Having hijacked the popular protests of 30 June 2013 against the Muslim Brotherhood to ride back into power, the military establishment is now using every means at its disposal to silence all forms of dissent and annihilate the hard-won political space of the past three years.

Violence and intimidation have always been the principal tools of the police force, but in Sisi’s Egypt the judiciary has been given a new and leading role in the suppression of freedoms.

Their tool is the Protest Law, which in its seven months of life, has been used to round up, detain and sentence thousands of participants in peaceful protests - and to target specific and influential activists within them.

The most noted example today is Alaa Abd El Fattah. On 26 November 2013, around two hundred protesters gathered outside Egypt’s Parliamentary Upper House were attacked by police with water canons, batons, plainclothes thugs, and tear gas.

Fifty people were arrested, and once the women, journalists and lawyers--who were all beaten--were released, twenty four men were left in jail. The following night, the police violently arrested Alaa from his home.

Today, Alaa and the twenty four have been sentenced to fifteen years in prison. In Alexandria, Mahienour el-Massry, one of the coastal city’s most tireless human rights lawyers, sits in prison on a two-year sentence for holding a protest outside a courthouse where the policemen who murdered Khaled Said were standing trial.

Back in Cairo, the founders of the April 6th Youth Movement, one of the most organised, young political groups in the country, are serving three year sentences in maximum security. And there are many many more. Since 3 July 2013, over thirty six thousand have been arrested for political participation. More than eighty have died in custody.

So now we face the police’s bullets, the prosecution’s corruption and the courtroom’s cages. But there can only be one way forward. We will not hand our rights over to a tyrant and his security state. We will not let our comrades waste their youth in Mubarak’s prison cells. We will not be silenced.

And so on Saturday we march to the Presidential Palace. And around the world friends and comrades have stepped forward in solidarity. Protests have been announced for Athens, Berlin, Derry, London, Paris, New York, and Stockholm, with more still to join.

Though we know it will be a long time before we reach the dizzying heights of 2011 again, moments of unity and of international struggle are as important as ever.

The right to protest is not just under attack in Egypt but is being repressed and criminalized across the globe. And from Gezi Park to Nabi Saleh to US campuses to Marikana, people are fighting for it.

It is impossible to engage on all fronts, on all injustices, simultaneously. And often tragedy is required for focus. In Egypt we are at a crucial juncture.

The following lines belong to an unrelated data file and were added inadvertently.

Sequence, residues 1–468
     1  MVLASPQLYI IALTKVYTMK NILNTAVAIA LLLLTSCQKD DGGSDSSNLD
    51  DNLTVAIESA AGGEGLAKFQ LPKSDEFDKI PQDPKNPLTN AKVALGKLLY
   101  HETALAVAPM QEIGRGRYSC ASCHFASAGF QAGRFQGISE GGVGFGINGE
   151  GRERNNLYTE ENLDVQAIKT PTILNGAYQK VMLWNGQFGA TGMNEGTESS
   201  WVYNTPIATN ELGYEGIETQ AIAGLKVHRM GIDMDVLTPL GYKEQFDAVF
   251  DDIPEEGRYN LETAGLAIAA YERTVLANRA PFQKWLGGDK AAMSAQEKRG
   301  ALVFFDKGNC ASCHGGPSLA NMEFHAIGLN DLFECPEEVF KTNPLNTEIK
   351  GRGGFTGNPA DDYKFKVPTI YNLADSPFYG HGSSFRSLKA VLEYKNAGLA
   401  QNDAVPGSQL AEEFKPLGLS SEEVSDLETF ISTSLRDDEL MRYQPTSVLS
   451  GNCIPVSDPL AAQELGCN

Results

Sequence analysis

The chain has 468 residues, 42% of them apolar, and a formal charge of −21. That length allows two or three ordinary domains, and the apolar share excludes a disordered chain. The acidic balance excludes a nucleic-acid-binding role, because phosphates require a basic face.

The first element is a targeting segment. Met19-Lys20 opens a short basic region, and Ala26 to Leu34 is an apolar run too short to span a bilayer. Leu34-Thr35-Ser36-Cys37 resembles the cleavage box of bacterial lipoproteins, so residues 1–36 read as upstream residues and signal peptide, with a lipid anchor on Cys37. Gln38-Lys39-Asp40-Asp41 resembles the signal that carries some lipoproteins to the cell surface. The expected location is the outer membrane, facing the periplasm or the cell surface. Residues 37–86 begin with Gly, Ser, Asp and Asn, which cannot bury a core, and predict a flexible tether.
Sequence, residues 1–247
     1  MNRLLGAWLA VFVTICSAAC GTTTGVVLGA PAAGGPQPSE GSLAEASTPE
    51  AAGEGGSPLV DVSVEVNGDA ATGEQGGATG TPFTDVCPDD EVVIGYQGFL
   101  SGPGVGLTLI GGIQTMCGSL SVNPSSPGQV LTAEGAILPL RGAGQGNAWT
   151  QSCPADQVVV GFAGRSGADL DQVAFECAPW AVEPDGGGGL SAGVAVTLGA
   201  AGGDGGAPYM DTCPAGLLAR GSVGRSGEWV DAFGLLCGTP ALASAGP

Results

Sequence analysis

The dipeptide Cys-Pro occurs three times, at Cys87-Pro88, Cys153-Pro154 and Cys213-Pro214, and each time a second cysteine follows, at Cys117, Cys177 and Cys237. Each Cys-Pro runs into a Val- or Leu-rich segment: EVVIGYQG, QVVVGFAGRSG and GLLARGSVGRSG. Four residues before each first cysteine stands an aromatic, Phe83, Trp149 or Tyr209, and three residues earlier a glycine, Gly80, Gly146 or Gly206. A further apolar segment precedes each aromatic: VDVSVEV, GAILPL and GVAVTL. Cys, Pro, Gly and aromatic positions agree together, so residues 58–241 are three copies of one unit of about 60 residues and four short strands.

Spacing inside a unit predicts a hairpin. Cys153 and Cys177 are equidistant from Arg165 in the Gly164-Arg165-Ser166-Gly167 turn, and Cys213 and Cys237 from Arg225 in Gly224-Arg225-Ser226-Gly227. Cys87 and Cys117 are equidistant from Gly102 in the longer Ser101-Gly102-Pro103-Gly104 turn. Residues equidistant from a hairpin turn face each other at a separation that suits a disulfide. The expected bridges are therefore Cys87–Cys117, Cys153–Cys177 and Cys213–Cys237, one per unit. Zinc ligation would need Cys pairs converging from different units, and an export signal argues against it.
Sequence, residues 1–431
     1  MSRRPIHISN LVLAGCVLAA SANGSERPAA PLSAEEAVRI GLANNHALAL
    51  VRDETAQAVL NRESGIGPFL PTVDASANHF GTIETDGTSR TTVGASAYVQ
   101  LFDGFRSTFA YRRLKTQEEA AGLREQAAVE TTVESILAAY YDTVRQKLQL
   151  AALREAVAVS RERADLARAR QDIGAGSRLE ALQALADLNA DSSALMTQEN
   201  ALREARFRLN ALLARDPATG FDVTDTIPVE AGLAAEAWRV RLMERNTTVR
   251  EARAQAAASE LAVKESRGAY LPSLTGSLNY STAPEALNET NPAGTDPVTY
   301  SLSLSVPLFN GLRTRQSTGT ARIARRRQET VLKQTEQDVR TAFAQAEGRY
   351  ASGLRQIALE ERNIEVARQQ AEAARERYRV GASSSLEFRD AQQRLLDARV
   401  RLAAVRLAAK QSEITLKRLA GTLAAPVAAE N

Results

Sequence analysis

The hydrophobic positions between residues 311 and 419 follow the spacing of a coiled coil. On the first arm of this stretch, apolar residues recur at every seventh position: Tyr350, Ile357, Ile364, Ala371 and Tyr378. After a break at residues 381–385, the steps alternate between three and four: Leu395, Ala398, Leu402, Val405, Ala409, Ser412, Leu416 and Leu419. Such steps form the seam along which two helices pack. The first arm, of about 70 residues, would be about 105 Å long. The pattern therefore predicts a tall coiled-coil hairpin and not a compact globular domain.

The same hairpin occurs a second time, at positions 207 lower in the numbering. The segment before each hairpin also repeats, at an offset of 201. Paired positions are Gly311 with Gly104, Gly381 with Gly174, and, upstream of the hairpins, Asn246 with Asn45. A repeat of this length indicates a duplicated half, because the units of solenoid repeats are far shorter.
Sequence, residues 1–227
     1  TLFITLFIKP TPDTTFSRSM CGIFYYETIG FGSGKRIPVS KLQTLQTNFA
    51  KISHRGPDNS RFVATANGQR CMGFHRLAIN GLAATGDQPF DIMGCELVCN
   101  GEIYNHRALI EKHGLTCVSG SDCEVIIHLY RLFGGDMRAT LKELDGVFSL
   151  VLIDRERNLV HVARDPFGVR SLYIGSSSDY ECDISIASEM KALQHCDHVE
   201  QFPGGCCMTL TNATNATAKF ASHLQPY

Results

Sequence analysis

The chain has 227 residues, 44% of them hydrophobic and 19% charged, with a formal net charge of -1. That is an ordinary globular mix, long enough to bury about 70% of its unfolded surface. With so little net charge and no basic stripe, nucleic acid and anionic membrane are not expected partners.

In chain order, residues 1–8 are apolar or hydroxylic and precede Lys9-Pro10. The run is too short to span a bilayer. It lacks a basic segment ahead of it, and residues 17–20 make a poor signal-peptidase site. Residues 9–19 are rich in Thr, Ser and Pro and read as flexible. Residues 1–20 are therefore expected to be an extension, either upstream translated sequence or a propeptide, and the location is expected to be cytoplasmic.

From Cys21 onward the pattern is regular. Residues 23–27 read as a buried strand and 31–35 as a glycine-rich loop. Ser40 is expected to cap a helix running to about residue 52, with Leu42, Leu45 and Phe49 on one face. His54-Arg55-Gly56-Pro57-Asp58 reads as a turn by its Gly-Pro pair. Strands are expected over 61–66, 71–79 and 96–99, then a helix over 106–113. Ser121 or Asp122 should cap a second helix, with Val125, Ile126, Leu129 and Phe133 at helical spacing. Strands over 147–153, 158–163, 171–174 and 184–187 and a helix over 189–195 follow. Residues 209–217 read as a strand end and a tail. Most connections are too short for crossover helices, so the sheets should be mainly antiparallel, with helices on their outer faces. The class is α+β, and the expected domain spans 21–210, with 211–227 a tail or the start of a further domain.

The protest law must be brought down. The imprisoned must be freed. The government must know that it cannot act with impunity. Small actions multiplied, amplify.

When the world watched Tahrir Square in February 2011, it swelled the pressure building on Mubarak. When the revolution squared up to the Army (SCAF) later that year, the Generals’ delegitimization was hastened by the international public’s aversion to them.

The effects of solidarity are unquantifiable, unknowable. But we do know that if we, or anyone, gives up their right to protest we are giving up the right to shape our own world.

Government announces campaign to combat atheism

Mada Masr

Govt announces campaign to save youth from atheism

Thursday June 19, 2014

The newly formed Cabinet is planning a campaign to combat atheism, according to an official statement released Wednesday.

Neamat Saty, the Youth Ministry’s director of civic education, would work with Ahmed Turky, the head of the Endowment Ministry’s mosques management unit, and a team of psychiatrists to form a national strategy to eradicate atheism.

Although Article 64 of Egypt's recently passed Constitution stipulates that "freedom of religion is absolute,” the ministries plan on “confronting and abolishing [atheism] through religious, educational and psychological means handled by experts in these fields,” according to a report published by the state-owned newspaper Al-Ahram.

The plan is part of a Cabinet-wide effort to “confront all issues that negatively affect [youth] and hinder the steps of development towards the future.”

Turky told Mada Masr in a phone interview that there is a protocol between the two ministries to address various intellectual “threats” facing the country’s youth.

“Previously, we launched a similar campaign against religious extremism where we targeted 200,000 youth whom we saw to be most vulnerable to such ideas, especially in Sinai,” Turky said.

He added that the two ministries are now hoping to combat certain “intellectual pests” that target Egyptian youth, like atheism, asserting that the scope of atheism’s reach in Egypt is still being determined by a joint research committee.

“We are taking preventive and preemptive measures. We do not want to see atheism being endemic in Egypt,” the official explained.

Turky pointed to the ongoing standoff between politics and religion, and arguments concerning how those two realms should ideally interact, as direct causes for an upsurge in both religious extremism and atheism.

“The ongoing conflict will lead youth to either be religious extremists or push them more toward profanity and atheism,” Turky claimed.

But some say it’s problematic for state institutions to get involved in such matters.